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Autoimmune lymphoproliferative syndrome (ALPS): Management and prognosis

Jack JH Bleesing, MD, PhD
Section Editor
E Richard Stiehm, MD
Deputy Editor
Elizabeth TePas, MD, MS


Autoimmune lymphoproliferative syndrome (ALPS) is characterized by dysregulation of the immune system, due to an inability to regulate lymphocyte homeostasis through the process of lymphocyte apoptosis (a form of programmed cell death).

This topic reviews management of ALPS. The epidemiology, genetics, pathogenesis, clinical manifestations, laboratory findings, diagnosis, and differential diagnosis of ALPS are discussed separately. (See "Autoimmune lymphoproliferative syndrome (ALPS): Epidemiology and pathogenesis" and "Autoimmune lymphoproliferative syndrome (ALPS): Clinical features and diagnosis".)


Management of ALPS focuses upon three aspects: treatment of disease manifestations, treatment/prevention of disease and treatment complications, and curative therapy [1]. Most experience is confined to patients with ALPS-FAS.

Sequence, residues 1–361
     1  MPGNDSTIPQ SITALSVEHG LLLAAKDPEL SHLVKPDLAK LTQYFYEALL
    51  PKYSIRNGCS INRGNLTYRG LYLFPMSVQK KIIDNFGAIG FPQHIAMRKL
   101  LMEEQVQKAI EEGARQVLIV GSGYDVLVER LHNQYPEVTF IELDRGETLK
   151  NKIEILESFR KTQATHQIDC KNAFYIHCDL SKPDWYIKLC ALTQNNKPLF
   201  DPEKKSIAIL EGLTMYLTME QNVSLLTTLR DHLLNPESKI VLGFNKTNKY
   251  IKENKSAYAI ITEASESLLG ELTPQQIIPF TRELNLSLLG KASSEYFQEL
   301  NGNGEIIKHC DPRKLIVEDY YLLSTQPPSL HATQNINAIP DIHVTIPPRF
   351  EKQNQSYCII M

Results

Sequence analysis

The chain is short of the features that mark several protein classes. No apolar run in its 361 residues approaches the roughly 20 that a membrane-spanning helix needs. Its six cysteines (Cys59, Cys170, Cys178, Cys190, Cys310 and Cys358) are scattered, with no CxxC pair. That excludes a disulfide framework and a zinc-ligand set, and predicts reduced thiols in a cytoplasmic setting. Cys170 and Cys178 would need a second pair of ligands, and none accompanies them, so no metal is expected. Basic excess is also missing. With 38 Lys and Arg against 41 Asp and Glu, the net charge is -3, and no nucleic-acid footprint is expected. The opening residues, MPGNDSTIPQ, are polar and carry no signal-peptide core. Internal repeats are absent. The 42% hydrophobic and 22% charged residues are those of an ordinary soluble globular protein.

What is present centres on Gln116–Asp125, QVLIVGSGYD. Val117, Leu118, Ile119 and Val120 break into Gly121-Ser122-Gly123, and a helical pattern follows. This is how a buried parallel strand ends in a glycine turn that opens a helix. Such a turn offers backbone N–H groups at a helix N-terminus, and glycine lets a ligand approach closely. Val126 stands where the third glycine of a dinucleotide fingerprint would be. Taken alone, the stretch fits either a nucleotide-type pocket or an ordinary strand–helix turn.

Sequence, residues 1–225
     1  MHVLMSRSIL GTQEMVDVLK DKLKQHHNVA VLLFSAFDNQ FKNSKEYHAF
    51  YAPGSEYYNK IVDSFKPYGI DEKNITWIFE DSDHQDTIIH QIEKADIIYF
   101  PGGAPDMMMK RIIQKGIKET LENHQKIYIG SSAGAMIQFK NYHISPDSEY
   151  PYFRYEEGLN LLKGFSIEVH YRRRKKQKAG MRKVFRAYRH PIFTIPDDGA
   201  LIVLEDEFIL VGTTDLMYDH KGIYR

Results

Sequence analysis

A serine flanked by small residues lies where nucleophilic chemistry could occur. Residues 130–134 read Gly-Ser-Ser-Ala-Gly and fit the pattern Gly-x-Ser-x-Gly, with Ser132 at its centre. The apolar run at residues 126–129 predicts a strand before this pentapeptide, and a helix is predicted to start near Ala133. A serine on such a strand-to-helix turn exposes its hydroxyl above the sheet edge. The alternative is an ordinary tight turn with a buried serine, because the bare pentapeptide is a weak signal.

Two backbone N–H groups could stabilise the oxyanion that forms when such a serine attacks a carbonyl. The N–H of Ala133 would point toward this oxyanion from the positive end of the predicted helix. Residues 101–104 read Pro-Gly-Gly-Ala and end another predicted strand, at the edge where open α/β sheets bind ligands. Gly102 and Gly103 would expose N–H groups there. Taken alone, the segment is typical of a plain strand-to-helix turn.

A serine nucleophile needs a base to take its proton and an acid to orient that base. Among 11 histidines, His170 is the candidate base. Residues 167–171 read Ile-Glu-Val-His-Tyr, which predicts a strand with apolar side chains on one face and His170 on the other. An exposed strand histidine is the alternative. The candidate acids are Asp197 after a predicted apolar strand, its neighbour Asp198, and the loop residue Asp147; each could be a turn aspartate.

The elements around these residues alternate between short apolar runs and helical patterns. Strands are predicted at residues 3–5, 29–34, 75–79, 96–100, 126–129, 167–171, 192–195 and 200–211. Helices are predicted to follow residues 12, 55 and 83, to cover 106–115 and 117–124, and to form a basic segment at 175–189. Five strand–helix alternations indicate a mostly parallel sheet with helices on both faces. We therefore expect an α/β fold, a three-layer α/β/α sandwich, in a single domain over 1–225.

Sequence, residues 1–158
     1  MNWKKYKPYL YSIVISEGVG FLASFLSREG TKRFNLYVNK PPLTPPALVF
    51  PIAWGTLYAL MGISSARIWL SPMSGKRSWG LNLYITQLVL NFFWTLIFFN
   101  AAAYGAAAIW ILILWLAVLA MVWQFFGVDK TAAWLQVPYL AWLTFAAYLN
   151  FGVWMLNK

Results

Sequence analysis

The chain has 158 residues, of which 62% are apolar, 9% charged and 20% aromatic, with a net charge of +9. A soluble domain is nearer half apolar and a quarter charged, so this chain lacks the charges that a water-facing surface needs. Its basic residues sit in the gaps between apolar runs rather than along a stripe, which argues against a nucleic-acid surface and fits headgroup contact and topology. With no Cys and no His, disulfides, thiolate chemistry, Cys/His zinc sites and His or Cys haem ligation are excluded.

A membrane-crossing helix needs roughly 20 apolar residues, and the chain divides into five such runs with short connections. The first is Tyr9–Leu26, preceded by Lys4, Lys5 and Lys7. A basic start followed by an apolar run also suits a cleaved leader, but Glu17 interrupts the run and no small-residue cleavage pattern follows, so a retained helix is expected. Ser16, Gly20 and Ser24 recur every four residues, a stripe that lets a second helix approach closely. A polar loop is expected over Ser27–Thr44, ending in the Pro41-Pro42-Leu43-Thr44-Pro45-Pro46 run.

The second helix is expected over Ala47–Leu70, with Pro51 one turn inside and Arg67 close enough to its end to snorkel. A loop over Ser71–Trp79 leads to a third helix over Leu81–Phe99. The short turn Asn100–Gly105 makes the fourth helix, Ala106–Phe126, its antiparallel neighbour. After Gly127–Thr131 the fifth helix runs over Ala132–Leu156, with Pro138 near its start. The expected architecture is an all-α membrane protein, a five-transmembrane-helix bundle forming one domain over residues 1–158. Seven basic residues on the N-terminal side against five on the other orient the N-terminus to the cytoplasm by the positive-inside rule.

Evaluation and monitoring following initial diagnosis — The presence and extent (disease manifestations and disease burden) of lymphoproliferation and/or autoimmunity should be determined before initiating therapy in an individual newly diagnosed with ALPS.

This can be achieved with a combination of physical examination, imaging studies (eg, computed tomography [CT] scan and/or positron emission tomography [PET] scans) of body areas thought to be involved (typically neck, chest, abdomen, and pelvis), and laboratory evaluation that includes measuring the size of the double-negative T (DNT) cell compartment, the level of biomarkers (eg, vitamin B12, interleukin-10 [IL-10], Fas ligand [FasL]), blood counts, and the presence and nature of autoantibodies (eg, directed at blood cells). In patients deemed to need immunosuppressive therapy, one should also initiate a basic investigation of the integrity of immune system, particularly in young patients. (See "Laboratory evaluation of the immune system".)


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Literature review current through: Sep 2016. | This topic last updated: Nov 4, 2014.
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